The main cause of DVT is venous stasis, i.e., the lack of effective venous blood flow from the calves due to extended periods of immobilization. A very effective means for preventing DVT is muscle contraction of the calves which pumps centrally venous blood, thus preventing stasis in the proximal veins, e.g., pelvis as well. If a patient can continuously move his or her legs or exercise, e.g., "a stepping on brakes" movement against a leg board, many cases of DVT can be prevented. However, most of the patients that develop DVT are not in a condition to so exercise voluntarily.
Such lack of efficient or effective venous flow from the legs can result in other problems which, while they may not be life threatening, are associated with significant discomfort and are aesthetically unappealing, e.g., idiopathic ankle edema and edema associated with venostasis and varicose veins. Effective muscle pumping can significantly reduce the morbidity associated with these conditions also.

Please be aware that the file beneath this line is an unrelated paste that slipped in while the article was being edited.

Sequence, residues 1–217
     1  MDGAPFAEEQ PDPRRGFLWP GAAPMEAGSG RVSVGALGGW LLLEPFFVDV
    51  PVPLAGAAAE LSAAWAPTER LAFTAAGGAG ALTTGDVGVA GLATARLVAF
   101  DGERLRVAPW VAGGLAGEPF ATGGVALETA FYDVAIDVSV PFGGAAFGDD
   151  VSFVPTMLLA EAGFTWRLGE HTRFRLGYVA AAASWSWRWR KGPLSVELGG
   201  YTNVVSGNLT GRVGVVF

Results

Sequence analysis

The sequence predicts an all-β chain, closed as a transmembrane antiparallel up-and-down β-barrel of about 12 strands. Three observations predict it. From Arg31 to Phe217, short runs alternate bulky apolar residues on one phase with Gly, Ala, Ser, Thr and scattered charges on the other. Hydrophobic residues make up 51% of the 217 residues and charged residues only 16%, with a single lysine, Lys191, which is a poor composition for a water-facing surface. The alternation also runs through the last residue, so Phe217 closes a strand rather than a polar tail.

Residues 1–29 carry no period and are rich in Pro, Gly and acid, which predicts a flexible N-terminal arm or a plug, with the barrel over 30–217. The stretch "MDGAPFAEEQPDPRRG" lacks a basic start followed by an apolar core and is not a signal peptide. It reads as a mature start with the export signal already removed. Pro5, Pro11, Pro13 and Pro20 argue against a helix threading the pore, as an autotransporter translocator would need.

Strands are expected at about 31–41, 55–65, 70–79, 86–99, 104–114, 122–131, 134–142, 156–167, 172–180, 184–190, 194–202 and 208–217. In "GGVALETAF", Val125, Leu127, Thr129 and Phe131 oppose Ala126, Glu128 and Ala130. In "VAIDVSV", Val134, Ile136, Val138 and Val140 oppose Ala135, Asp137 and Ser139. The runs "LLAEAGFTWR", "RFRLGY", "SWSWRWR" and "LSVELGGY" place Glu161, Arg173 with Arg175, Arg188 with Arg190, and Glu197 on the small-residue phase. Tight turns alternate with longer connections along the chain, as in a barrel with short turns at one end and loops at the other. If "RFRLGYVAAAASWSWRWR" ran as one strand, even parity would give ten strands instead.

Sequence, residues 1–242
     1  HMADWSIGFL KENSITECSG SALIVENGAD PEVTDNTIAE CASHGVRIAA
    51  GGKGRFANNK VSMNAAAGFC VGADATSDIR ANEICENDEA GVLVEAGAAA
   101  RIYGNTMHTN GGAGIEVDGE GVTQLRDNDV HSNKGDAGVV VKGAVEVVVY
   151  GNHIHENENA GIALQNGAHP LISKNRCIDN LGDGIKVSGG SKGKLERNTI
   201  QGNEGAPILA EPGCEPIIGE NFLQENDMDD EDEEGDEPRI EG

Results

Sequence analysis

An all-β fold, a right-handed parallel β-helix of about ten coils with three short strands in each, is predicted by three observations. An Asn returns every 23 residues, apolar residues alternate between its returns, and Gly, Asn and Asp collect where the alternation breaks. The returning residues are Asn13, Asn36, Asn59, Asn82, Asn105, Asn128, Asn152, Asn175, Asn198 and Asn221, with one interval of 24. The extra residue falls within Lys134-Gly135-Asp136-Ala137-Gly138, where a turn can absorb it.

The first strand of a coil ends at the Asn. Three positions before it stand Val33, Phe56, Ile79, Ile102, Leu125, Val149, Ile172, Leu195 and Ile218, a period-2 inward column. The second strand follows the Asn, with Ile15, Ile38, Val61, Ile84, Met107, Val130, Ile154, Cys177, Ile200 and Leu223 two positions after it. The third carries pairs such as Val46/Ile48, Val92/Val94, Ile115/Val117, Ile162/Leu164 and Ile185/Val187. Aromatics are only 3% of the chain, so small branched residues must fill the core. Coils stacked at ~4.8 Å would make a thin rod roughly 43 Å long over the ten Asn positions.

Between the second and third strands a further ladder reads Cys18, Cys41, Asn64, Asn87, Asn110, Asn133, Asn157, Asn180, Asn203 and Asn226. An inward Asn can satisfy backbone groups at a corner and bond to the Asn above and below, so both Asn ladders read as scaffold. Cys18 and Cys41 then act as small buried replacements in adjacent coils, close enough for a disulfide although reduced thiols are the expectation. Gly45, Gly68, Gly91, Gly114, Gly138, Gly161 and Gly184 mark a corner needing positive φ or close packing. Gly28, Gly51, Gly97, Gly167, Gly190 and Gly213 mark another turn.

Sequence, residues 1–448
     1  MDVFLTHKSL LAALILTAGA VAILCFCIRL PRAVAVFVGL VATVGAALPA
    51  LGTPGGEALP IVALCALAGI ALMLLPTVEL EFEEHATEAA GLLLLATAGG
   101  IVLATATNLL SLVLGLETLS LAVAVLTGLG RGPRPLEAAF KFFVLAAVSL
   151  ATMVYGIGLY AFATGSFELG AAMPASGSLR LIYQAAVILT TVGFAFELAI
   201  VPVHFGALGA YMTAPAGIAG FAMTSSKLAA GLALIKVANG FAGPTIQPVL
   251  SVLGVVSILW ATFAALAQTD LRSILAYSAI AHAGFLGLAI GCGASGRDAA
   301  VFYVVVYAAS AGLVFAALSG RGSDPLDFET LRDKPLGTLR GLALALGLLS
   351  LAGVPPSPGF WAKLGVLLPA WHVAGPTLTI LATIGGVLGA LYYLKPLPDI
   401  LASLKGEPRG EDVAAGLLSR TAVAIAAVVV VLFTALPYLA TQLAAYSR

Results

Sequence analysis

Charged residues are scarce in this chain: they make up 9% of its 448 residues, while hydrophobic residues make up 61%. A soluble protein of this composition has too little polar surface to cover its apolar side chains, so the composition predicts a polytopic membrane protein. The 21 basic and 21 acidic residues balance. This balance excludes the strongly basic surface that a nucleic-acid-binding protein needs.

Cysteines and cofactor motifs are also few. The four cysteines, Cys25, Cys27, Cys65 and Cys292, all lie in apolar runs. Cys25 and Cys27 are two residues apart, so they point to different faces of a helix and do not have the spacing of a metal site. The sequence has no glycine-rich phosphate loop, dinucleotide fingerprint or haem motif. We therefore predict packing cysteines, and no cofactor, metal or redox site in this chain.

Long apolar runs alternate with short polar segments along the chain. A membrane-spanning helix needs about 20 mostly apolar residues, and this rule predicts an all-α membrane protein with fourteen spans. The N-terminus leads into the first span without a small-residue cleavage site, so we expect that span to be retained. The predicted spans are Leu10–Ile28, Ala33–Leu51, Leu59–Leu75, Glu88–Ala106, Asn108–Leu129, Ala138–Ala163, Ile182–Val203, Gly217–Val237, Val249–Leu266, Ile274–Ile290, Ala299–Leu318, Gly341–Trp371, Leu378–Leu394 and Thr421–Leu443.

There exists a number of transcutaneous electrical nerve stimulators, commonly known as TENS units. Such TENS units are utilized primarily to reduce or minimize the sensation of pain such as back pain, lumbago, cervical pain, temporomandibular joint pain (TMJ), tendinitis, tennis elbow and the like. In theory, the known TENS units are designed to overload the sensory nerve endings so as to block or prevent the pain messages to be sent to the brain. The principal manufacturers of such TENS units include Medronics, 3M and others.